What is the significance of the command to love the Lord with all your heart, soul, mind, and strength?
The first verse that commands us to love God with all our heart, soul, mind, and strength is Deuteronomy 6:5. Deuteronomy 6:4–5, known as the Shema, says, "Hear, O Israel: The Lord our God, the Lord is one. You shall love the Lord your God with all your heart and with all your soul and with all your might." This same commandment was cited by Jesus as the "greatest commandment in the Law" in Matthew 22:36–37. In this passage, the word "mind" is substituted for the word "might" or "strength." Mark 12:30 records Jesus as saying, "And you shall love the Lord your God with all your heart and with all your soul and with all your mind and with all your strength." Here the word "strength" is used, as in Deuteronomy. Both words indicate an effort involving all one's might. Taken together, the verses indicate a monumental effort to love God.
So monumental is the effort required that no human being can accomplish it. Our fallen nature makes it impossible for us to love the Lord with all our heart, soul, mind, and strength for even one minute of one day. Man is simply incapable of such a task. But still we are commanded to do so, and to disobey any commandment of God is sin. Why, then, does the Bible give us a commandment we can't possibly follow? Jesus continually reminded the Pharisees of their inability to keep the Mosaic Law, which they believed they were doing. He boiled down the hundreds of laws into this one law to prove to them their inability to keep the Law of God. He wanted them to see their utter spiritual bankruptcy and their need for a Savior.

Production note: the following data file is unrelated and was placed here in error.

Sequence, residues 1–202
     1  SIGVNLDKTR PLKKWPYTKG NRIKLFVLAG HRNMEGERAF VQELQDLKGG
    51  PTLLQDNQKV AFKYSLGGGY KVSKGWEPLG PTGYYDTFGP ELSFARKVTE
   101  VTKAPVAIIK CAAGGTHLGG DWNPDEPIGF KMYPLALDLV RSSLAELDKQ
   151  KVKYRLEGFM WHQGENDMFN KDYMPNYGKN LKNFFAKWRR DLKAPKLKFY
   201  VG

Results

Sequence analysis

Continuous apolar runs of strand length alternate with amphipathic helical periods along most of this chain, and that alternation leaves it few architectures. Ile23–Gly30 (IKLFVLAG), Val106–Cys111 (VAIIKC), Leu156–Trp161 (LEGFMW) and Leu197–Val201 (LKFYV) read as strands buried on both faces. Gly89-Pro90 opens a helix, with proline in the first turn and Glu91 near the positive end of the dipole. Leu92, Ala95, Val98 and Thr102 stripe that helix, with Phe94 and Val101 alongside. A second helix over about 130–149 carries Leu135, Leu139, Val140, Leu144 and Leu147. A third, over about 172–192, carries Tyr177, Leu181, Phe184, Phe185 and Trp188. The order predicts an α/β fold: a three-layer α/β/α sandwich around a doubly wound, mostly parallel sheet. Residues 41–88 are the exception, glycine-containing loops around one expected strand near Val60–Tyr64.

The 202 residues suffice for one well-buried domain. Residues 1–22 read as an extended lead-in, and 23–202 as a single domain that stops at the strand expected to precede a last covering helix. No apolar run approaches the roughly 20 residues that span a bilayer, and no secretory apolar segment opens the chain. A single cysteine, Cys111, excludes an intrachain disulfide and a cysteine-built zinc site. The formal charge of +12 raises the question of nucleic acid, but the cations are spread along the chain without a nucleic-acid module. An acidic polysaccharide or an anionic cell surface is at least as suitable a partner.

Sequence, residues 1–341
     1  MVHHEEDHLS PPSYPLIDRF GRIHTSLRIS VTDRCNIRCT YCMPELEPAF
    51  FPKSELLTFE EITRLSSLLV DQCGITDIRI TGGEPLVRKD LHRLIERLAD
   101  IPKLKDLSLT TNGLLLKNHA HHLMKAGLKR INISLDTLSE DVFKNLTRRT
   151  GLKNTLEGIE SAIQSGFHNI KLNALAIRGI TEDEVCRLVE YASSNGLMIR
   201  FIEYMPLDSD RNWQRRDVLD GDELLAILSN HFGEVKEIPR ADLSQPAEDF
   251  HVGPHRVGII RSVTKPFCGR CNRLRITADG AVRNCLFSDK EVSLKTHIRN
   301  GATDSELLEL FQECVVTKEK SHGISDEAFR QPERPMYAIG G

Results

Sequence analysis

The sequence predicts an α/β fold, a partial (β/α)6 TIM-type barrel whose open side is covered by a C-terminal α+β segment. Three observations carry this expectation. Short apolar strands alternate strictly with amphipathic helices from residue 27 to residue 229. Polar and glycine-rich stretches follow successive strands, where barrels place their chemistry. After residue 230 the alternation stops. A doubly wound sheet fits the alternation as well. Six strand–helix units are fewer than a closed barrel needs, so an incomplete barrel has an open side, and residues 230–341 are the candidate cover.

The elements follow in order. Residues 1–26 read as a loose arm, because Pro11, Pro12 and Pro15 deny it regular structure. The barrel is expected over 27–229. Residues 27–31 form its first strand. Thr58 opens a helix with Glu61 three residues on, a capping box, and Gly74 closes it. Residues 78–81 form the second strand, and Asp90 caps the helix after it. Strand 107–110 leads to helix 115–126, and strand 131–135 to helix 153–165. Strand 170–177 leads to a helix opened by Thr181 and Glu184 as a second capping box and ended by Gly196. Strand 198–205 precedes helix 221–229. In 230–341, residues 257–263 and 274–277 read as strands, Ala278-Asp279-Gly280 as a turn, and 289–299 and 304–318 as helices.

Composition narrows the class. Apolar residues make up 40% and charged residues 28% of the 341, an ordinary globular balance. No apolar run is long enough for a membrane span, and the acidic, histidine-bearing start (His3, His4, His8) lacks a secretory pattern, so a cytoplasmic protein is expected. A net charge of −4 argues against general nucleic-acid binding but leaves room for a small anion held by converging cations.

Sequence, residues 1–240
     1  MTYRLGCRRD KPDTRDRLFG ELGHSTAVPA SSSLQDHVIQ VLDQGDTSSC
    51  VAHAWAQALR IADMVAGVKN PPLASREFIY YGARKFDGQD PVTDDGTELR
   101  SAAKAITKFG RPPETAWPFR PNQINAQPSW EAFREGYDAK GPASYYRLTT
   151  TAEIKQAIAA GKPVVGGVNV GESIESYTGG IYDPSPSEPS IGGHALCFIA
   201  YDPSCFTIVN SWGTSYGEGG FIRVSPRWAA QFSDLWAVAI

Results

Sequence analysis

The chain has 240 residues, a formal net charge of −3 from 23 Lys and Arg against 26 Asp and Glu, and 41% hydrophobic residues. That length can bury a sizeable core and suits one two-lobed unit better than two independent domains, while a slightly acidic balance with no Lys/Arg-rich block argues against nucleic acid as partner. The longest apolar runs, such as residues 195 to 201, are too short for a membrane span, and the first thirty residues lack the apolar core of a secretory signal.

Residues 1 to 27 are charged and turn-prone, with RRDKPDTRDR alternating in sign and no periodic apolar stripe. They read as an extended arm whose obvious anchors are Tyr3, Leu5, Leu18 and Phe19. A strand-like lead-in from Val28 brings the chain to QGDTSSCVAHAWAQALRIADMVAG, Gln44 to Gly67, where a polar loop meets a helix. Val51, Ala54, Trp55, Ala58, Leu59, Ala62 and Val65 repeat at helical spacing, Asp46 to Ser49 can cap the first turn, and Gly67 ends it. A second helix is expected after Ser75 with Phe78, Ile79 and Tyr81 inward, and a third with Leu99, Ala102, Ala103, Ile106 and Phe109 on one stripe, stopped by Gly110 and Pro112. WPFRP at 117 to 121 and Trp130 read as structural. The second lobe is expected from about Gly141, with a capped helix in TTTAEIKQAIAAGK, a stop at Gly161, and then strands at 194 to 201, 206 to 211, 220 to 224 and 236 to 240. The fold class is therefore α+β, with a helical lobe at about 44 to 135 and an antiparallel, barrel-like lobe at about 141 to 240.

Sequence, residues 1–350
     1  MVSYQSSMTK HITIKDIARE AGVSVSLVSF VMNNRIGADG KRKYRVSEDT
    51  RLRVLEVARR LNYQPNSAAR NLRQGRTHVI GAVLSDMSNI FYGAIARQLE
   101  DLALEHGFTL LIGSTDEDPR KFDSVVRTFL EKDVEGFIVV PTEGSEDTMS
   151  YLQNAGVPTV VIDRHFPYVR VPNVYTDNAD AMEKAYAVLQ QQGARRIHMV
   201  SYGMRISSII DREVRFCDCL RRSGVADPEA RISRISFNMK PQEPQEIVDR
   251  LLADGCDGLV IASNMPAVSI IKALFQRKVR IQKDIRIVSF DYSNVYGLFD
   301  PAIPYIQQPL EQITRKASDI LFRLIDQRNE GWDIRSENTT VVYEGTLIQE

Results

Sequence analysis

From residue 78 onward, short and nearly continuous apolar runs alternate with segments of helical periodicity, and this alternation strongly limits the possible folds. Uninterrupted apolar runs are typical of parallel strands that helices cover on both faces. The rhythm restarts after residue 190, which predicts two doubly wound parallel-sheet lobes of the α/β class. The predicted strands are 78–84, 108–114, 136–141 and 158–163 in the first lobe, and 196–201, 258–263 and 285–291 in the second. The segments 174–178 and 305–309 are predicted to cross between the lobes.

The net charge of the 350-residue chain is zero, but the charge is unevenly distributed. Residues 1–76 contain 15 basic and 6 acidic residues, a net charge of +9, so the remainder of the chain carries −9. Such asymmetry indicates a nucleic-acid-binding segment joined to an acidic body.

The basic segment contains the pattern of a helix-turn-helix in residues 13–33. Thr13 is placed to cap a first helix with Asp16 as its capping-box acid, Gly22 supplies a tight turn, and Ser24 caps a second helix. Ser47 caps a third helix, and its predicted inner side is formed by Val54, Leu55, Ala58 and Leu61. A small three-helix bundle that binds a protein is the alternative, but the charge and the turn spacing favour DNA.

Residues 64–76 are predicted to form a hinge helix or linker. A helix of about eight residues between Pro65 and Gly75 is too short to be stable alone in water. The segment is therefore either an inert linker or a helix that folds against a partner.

The same is true for us today. Reading that we must love God with all our heart, soul, mind, and strength should prove to us that we sin each time we fail to do so. This should drive us to Jesus Christ, who provides the only acceptable sacrifice for our sin. Without the cleansing of sin that He provides by His death on the cross, we would be continually guilty of failing to obey the greatest commandment. Loving God with all our heart, soul, mind, and strength is impossible. This is a daily reminder of our need for the Savior.
Certainly, if we are redeemed by the blood of Christ, we do love God. As we grow and mature in the faith, our love increases and we obey Him out of love more and more. Although we will never reach the point of loving Him with all our heart, soul, mind, and strength, our desire to love Him more completely increases as we witness His compassion, mercy, grace, and love for us. In addition, coming to know more about His hatred for sin, His holiness, and His righteousness makes us more eager to obey Him and to live our lives in such a way as to honor and not to displease Him.
We increase our love for God by knowing Him better. We do that by study of the Word, prayer, fellowship with other believers who also desire to know and love Him, and seeking to obey and honor God in all things. This leads to a better understanding of Him, a greater love for Him, and an eagerness to share Jesus Christ with others. In heaven, when we are released from the sin nature that prevents us from loving God fully, we will be able to love Him with all our heart, soul, mind, and strength.
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